It would be absurd to employ equality so as to portray all people as morally equal. Even anarchist society will have its criminal law, while tending to provide equality to a wide and disparate range of person. Extreme authoritarian society has little truck with freedom and equality. Altruism relates together such values as freedom and social responsibility, including diversity, but that diversity only inclusive of ethical deviations so far as they are tolerable.
    And whereas altruism logically accords many rights to its citizens, they must be balanced by duties. Young people with the right to education and the duty to employ it for social good, with self-interest secondary.
  • RW Standing
    58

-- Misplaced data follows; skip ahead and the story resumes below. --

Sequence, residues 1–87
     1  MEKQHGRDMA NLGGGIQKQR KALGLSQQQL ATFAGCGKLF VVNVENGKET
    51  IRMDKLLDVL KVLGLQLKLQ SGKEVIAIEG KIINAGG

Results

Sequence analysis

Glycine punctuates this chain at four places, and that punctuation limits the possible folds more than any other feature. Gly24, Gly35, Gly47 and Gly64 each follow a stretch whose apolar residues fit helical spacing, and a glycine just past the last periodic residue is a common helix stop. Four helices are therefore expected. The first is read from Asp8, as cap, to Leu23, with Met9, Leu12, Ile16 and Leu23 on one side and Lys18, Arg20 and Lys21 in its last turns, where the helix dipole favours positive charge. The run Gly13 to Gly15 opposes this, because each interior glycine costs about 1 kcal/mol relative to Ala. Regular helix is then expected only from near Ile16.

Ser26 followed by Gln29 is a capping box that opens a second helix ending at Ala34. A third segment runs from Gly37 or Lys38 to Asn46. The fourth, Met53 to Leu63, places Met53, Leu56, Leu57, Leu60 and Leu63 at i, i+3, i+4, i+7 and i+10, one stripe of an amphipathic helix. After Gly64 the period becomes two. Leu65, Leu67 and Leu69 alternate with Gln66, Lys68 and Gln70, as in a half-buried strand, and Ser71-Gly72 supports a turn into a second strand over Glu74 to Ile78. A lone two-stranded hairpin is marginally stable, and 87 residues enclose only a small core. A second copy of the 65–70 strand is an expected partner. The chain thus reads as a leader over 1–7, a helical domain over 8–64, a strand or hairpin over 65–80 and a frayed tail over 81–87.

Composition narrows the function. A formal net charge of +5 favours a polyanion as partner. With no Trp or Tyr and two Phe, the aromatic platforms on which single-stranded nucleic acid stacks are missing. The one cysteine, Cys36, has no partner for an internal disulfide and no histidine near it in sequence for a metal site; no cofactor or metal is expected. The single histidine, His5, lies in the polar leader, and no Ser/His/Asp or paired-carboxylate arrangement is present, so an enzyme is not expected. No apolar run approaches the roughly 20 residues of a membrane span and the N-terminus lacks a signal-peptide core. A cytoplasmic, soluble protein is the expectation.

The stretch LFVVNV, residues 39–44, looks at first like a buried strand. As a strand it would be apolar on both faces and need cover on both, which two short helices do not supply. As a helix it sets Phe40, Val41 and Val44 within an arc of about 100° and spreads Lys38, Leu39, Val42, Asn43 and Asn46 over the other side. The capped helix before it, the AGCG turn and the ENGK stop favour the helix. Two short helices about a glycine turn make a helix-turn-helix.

What are ethical values? On no basis is it a species of animal out there that can be examined and described. Therefore it is not a human being that can be dissected as a material body. It would be a mistake to simply take our own existing prejudices and build on them. The starting point is the whole gamut of human [and other] behaviour and interaction, and that also of communities and their behaviour. This provides us with a chaos of activities, and motives deriving from our internal mental world. At that point we, as often rational beings, find it necessary to classify all that activity in order to manage it. We then take a term such as ethics with its generalised root or customary meaning. We can employ this against other convenient terms to define the boundaries between one sort of behaviour and another. There is at least one other term that is important and that is culture. We might even get tediously particular and use the term politics. Before long, the danger is, that we have so finely particularised and narrowed meanings to suit prevailing prejudice, that we will have lost the whole picture. In fine, it is better to describe ethics as distinct from culture, as to do with behaviour that appears to cause damage or otherwise as against innocuous behaviour as culture. We then take such words as there are available for this description and determine how they relate together and if any pattern emerges. In short, it may be contended, there are antonyms which describe a presence or absence, or which suggest simple motives as against social conditions. On the basis that anything simple is logically opposed to something compound. Therefore we will find a number of sets of key values that bring some clarity to the subject. We may take the term Freedom as a simple value or motive, that merely suggests the absence of its antonym as a social condition, which last we tend to call authoritarianism or even tyranny. If tyranny is a social condition, then it is described or suggested by at least two simple values. These in their turn have their antonyms as forms of society. A simple web of values would be triangular as a start. The implication of this is that Freedom is not a particular form of society, and merely provides us with a question as to what positive society we espouse, as against tyranny.